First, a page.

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Special Project

Thinking in a Pandemic

We’ve brought together all our COVID-19 coverage in one place. Here you’ll find the latest arguments from doctors and epidemiologists, philosophers and economists, legal scholars and historians, activists and citizens, as they think not just through this moment but beyond it.

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Anne McDonough Daniel E. Ho Oluchi Mbonu

We know that faculty retirement policies shape racial and gender diversity on campus. What universities do now in the face of COVID-19 will have long-term consequences.

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Amy Moran-Thomas

Pulse oximeters give biased results for people with darker skin. The consequences could be serious.

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Astra Taylor Todd Wolfson

Astra Taylor talks with Rutgers faculty union president Todd Wolfson about organizing academic communities in the age of COVID-19.

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From COVID-19 to Black Lives Matter. Order our latest book now.

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Natalie Dean

There’s no silver bullet, but local experiments and global experiences can help us control the pandemic.

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Debraj Ray S. Subramanian

For weeks the country enforced a strict lockdown without providing adequate medical and economic support. As cases soar, its people are now paying the price.

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Iris Chandler Marco Ramos Tess Lanzarotta

American medicine has long functioned as an elitist institution, putting professional prestige over the well-being of patients and physicians alike.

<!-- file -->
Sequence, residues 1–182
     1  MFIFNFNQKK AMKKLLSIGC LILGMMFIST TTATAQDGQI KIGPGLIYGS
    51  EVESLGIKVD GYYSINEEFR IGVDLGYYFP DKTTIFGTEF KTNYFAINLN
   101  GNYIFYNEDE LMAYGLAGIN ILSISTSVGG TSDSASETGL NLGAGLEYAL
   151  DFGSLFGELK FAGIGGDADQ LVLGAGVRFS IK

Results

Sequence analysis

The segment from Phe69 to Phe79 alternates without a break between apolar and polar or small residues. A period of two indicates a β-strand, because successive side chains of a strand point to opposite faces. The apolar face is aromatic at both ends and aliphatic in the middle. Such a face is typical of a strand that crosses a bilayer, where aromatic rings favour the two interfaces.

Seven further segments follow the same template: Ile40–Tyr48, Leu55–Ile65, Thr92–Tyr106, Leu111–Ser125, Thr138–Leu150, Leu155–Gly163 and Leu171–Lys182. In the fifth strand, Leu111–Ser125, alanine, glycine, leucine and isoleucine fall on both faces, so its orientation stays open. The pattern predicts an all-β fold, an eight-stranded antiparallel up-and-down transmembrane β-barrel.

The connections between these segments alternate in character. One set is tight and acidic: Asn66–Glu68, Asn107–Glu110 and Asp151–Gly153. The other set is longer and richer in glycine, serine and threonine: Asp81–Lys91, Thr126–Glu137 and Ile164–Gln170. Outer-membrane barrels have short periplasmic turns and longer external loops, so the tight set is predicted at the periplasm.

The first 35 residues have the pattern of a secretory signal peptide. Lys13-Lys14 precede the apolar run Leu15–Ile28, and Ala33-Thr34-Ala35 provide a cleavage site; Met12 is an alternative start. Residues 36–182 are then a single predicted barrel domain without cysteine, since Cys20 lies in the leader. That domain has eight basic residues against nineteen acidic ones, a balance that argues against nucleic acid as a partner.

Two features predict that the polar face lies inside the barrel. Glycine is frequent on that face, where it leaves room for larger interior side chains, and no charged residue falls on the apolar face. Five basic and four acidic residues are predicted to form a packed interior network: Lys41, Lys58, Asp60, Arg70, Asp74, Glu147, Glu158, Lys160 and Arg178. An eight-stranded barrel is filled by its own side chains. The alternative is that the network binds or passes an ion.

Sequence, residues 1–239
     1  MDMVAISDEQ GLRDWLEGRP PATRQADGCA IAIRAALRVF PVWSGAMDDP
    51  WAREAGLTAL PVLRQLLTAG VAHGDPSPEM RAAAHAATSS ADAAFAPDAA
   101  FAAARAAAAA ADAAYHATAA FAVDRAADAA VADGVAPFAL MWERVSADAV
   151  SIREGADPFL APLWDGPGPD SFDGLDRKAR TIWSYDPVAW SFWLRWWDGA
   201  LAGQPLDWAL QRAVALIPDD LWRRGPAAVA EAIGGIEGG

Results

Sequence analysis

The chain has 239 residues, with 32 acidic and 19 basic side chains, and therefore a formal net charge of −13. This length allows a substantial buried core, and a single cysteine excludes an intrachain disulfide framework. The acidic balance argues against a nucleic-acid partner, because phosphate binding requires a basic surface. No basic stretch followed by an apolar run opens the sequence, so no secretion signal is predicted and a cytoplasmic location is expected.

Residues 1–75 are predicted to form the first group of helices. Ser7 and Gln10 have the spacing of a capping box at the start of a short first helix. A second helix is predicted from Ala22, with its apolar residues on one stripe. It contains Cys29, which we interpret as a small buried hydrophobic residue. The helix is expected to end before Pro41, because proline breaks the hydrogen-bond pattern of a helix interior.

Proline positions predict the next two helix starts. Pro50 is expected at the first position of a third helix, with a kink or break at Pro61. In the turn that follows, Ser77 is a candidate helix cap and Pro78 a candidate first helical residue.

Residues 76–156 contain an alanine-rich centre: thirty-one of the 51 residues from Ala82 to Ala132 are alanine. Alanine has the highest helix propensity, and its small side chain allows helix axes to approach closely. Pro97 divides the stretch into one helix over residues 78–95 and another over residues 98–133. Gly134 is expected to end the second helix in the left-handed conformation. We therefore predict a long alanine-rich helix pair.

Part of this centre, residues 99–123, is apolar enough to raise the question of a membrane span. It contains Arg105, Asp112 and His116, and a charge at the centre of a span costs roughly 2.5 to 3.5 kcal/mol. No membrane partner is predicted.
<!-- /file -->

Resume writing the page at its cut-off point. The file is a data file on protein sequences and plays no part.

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F. M. Kamm

Three things we need to get right.

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Dora Vargha Jeremy A. Greene

History shows that outbreaks rarely have tidy conclusions.

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David S. Jones Stefan Helmreich

Epidemic waves serve not just to predict but also to persuade. Their special blend of mathematical and moral messaging will shape the future of the pandemic.

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…we need your help. Confronting the many challenges of COVID-19—from the medical to the economic, the social to the political—demands all the moral and deliberative clarity we can muster. In Thinking in a Pandemic, we’ve organized the latest arguments from doctors and epidemiologists, philosophers and economists, legal scholars and historians, activists and citizens, as they think not just through this moment but beyond it. While much remains uncertain, Boston Review’s responsibility to public reason is sure. That’s why you’ll never see a paywall or ads. It also means that we rely on you, our readers, for support. If you like what you read here, pledge your contribution to keep it free for everyone by making a tax-deductible donation.

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